Integrative phylogeography of Calotriton newts (Amphibia, Salamandridae), with special remarks on the conservation of the endangered Montseny brook newt (Calotriton arnoldi).

Valbuena-Ureña E, Amat F, Carranza S - PLoS ONE (2013)

Map showing the geographical distribution of Cyt b DNA haplotypes.(A) Pie diagram size indicates number of individuals. (B) Statistical parsimony networks showing cytochrome b haplotypes found for Calotriton arnoldi (left) and C. asper (right); circle size are proportional to haplotype abundance, straight lines and black dots reflect mutations and unsampled or extinct haplotype.
© Copyright Policy
Related In: Results  -  Collection

Show All Figures
getmorefigures.php?uid=PMC3672179&req=5

pone-0062542-g002: Map showing the geographical distribution of Cyt b DNA haplotypes.(A) Pie diagram size indicates number of individuals. (B) Statistical parsimony networks showing cytochrome b haplotypes found for Calotriton arnoldi (left) and C. asper (right); circle size are proportional to haplotype abundance, straight lines and black dots reflect mutations and unsampled or extinct haplotype.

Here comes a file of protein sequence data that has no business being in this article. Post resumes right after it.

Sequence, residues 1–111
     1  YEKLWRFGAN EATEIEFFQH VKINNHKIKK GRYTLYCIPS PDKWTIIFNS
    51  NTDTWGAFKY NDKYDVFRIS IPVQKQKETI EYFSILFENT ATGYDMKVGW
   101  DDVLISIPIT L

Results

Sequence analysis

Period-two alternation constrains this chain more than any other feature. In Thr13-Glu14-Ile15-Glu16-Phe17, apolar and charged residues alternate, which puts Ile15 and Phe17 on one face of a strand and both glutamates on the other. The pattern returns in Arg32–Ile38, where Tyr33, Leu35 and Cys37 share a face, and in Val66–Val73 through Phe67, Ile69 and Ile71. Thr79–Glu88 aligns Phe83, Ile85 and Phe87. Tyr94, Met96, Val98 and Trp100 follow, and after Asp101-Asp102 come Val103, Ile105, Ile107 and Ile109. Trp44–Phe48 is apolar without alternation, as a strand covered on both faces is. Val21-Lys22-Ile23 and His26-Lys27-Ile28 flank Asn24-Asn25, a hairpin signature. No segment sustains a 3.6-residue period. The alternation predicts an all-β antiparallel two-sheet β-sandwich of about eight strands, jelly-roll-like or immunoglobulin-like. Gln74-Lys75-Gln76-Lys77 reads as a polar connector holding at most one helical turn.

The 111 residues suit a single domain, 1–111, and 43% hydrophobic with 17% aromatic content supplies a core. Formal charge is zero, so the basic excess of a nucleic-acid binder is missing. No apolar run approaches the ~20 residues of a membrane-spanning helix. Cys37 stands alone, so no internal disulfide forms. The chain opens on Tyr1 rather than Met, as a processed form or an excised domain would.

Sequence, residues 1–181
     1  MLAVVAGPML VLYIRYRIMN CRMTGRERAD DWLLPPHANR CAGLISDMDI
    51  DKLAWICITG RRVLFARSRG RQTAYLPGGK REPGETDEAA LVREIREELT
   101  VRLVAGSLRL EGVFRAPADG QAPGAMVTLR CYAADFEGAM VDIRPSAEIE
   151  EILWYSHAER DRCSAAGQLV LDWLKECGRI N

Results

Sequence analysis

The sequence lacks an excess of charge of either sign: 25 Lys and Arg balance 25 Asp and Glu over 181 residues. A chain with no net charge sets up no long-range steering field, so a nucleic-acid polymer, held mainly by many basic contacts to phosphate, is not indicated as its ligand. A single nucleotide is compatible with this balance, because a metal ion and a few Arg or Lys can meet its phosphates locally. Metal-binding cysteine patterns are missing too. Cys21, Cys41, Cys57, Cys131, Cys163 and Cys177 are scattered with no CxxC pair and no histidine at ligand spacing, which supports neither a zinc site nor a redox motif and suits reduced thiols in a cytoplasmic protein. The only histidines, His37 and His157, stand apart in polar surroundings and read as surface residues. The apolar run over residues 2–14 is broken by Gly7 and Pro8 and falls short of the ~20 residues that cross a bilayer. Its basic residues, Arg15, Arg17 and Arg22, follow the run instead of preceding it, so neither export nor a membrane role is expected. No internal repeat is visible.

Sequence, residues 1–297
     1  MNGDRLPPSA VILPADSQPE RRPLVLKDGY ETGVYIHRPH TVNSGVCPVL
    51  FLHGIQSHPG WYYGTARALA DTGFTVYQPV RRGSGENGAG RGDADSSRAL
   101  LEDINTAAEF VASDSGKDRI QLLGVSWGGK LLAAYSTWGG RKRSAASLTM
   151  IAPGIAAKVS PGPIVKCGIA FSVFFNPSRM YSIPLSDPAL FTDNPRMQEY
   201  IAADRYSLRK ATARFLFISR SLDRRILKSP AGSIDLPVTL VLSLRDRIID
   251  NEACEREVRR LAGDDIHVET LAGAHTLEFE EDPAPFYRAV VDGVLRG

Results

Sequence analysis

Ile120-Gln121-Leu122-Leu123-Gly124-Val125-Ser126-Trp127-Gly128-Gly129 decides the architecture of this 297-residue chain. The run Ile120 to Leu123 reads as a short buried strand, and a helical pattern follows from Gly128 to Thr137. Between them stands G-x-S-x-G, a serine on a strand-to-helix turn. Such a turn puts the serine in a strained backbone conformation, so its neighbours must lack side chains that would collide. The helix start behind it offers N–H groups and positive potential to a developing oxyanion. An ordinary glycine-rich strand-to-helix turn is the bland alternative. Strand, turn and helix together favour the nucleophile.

Mentions: The final mtDNA data set included 374 bp of the cyt b gene (24 variable and 22 parsimony-informative positions). The nDNA data set included 530 bp (6 variable positions, all of them parsimony-informative). Of the 12 cyt b haplotypes identified, 8 were found in C. asper and 4 in C. arnoldi (Figure 2), whereas of the 5 RAG-1 haplotypes found, 2 corresponded to C. asper and 3 to C. arnoldi (Figure 3). The number of individuals sequenced and occurrences of each haplotype per sampling site are given in Table 1. The sequences of all mitochondrial and nuclear haplotypes have been deposited in GenBank: accession numbers KC665954–KC665970. The number of haplotypes (h) and variable sites (S), and estimates of nucleotide (Π) and haplotype (Hd) diversity for each marker in each sampled species are shown in Table 3. For the mtDNA, similar levels of Π and Hd were observed, being slightly higher for C. asper than C. arnoldi. Instead, for the nDNA both values were, on average, higher for C. arnoldi. Within the Montseny brook newt, all 42 specimens from the western sector corresponded to the same unique haplotype for both mitochondrial and nuclear markers, thus Π and Hd were .